90-degree oriented carbon fibers help resist torsional stresses. Preferably, there is a greater percentage of unidirectional fibers aligned in the LE and TE orientations (substantially axially), than in the 90 degree orientation (substantially perpendicular to axial), since axial loads tend to be greater than torsional loads for turbine blades.

“Dead Zone” (also “DZ”) refers to the side of the turbine blade that is designed to operate as the windward side. “Lift Zone” (also “LZ”) refers to the side of the turbine blade that is designed to operate as the leeward side. Preferably, there is a DZ tool (for the DZ side) and an LZ tool (for the LZ side), which fit together to form a mold of the turbine blade, as shown. Preferably, the DZ tool and LZ tool are each made of carbon-fiber-for dimensional stability, light weight (for ease of manipulation in manufacturing process), and rapid cooling.

Preferably, for example, an LZ kit according to a preferred embodiment of the present invention comprises the following pieces:

Two—LZ LE main body piece 324

One—LZ TE main body piece 326

Two—LZ #1 mounting block piece 310

Two—LZ #2 LE root piece 314

One—LZ #2 TE root piece 316

Two—LZ #3 LE root piece 320

One—LZ #3 TE root piece 322

One—LZ #4 root piece 318

Two—cap spars 328

Four—build-up strip 332

One—build-up strip 330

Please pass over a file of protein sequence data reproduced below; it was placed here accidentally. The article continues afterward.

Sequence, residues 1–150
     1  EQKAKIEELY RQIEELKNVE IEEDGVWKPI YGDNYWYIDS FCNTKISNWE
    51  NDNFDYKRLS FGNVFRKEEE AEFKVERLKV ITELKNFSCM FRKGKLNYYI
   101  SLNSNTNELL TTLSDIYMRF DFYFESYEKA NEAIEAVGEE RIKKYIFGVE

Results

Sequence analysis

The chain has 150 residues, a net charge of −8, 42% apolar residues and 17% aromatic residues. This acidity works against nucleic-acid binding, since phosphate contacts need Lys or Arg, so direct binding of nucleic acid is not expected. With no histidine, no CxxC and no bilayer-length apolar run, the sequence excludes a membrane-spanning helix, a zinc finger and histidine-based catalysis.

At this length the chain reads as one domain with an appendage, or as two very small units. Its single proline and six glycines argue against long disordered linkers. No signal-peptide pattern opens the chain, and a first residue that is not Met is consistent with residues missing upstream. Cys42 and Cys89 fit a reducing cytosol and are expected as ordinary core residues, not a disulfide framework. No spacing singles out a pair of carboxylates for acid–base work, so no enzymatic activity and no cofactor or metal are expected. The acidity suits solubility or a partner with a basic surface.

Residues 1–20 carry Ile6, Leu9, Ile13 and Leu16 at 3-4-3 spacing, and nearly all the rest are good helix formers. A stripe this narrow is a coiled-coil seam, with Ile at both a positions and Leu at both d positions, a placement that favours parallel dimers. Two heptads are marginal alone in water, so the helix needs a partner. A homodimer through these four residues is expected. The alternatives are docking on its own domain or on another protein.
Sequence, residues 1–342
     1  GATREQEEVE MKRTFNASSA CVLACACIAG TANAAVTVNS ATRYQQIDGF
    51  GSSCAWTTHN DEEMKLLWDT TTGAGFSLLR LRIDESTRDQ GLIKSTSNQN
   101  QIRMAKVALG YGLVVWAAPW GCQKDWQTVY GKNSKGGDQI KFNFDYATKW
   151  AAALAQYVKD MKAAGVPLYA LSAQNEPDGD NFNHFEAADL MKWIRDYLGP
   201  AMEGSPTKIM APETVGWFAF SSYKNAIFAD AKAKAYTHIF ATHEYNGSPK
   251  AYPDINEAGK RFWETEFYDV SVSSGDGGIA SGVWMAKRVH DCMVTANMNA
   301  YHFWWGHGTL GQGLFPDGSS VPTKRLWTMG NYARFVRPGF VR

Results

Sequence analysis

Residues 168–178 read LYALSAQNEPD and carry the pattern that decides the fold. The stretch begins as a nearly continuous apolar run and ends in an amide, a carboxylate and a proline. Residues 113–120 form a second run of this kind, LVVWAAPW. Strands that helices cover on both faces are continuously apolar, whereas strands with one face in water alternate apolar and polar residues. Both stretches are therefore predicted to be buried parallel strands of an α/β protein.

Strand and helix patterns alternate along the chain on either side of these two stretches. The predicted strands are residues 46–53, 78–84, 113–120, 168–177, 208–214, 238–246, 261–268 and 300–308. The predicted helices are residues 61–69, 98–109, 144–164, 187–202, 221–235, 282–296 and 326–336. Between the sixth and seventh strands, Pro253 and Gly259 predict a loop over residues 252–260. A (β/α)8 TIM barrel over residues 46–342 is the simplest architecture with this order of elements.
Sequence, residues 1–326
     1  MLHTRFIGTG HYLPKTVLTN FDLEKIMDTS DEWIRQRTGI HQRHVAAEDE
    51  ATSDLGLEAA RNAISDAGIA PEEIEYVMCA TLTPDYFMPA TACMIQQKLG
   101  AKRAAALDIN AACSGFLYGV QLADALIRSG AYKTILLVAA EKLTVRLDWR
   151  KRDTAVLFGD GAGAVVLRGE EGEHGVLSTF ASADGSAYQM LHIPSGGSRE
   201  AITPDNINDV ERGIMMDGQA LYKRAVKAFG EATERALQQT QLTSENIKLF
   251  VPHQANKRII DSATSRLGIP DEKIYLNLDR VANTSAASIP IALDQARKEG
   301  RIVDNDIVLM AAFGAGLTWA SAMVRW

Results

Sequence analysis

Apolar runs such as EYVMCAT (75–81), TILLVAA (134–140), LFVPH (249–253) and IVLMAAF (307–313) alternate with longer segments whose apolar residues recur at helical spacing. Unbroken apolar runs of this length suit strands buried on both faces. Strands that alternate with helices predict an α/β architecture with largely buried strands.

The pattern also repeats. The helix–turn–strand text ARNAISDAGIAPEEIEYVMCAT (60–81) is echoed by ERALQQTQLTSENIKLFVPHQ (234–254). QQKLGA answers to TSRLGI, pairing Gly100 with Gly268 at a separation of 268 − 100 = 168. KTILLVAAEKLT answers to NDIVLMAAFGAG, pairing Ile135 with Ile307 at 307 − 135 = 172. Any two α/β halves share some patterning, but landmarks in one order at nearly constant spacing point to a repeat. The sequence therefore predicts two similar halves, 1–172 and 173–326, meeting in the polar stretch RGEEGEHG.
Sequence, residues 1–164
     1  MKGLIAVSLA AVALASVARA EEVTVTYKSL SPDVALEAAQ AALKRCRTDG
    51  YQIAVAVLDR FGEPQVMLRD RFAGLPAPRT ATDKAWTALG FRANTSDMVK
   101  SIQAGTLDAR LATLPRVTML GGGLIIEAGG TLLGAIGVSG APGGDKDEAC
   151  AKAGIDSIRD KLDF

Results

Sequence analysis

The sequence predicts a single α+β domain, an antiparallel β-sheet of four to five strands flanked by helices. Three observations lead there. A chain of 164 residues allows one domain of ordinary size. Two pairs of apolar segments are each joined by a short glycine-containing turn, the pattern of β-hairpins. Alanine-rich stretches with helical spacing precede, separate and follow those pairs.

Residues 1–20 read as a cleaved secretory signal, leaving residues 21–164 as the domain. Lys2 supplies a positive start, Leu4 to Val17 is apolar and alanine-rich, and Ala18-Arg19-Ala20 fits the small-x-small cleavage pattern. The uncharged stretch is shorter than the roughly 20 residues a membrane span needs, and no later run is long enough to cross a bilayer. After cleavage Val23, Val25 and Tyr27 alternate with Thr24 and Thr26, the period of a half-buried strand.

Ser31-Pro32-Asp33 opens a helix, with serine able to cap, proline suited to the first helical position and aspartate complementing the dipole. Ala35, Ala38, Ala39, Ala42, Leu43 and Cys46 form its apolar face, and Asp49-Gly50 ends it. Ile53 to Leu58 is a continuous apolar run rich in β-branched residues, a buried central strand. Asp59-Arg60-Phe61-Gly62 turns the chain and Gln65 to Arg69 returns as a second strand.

One—90 degree main body piece 334

One—90 degree mounting block piece 312

Preferably, to cut each kit, templates are pressed firmly against the sheet of pre-preg unidirectional carbon fiber 300 on the cutting surface. Preferably, pressure is not excessive enough to cause the pre-preg carbon to stick to the template or the cutting surface. Preferably, a razor sharp utility knife 302 is used to cut the sheet of unidirectional carbon fiber material 300, as shown. Preferably, kit components are labeled appropriately; for example, each piece can be marked with piece indicia 308 indicating which type of piece it is (e.g. LZ #1) and what the orientation of the carbon fibers are (marked with an arrow).

Preferably, once all the pieces for one side (for example, the LZ side) have been cut, the complete kit comprising all the pieces for the side are wrapped together with paper for refrigerated storage until they are needed, as shown in FIG. 6. Preferably, wrapper 336 is marked with wrapper indicia 338 indicating the type of turbine blade and which tool side, etc., the kit is for. Preferably, wrapped kits are stored in a refrigerator or freezer at a temperature below zero degrees Celsius (as indicated by thermometer 337) to prevent premature curing of the pre-preg resin.

Preferably, the mounting end of the turbine blade is reinforced with an appliance for extra strength. Preferably the appliance is made from epoxy casting resin. Preferably the epoxy casting resin used is Reichhold B27 Resin from JiangXi Yuanda Chemical Co. Preferably, before the epoxy resin is poured, the appliance tool halves 350 are cleaned and inspected to make sure the appliance tool halves 350 are smooth and do not have any cracks.

Preferably, the appliance tool halves 350 are prepared by waxing. Preferably, the release wax used is PARTALL wax #2. Preferably, clean rags are used to apply the wax onto the appliance tool halves 350 and to buff the waxed surface. Preferably, the appliance tool halves 350 are given one coat of wax. Under appropriate circumstances, more than one coat of wax may be applied.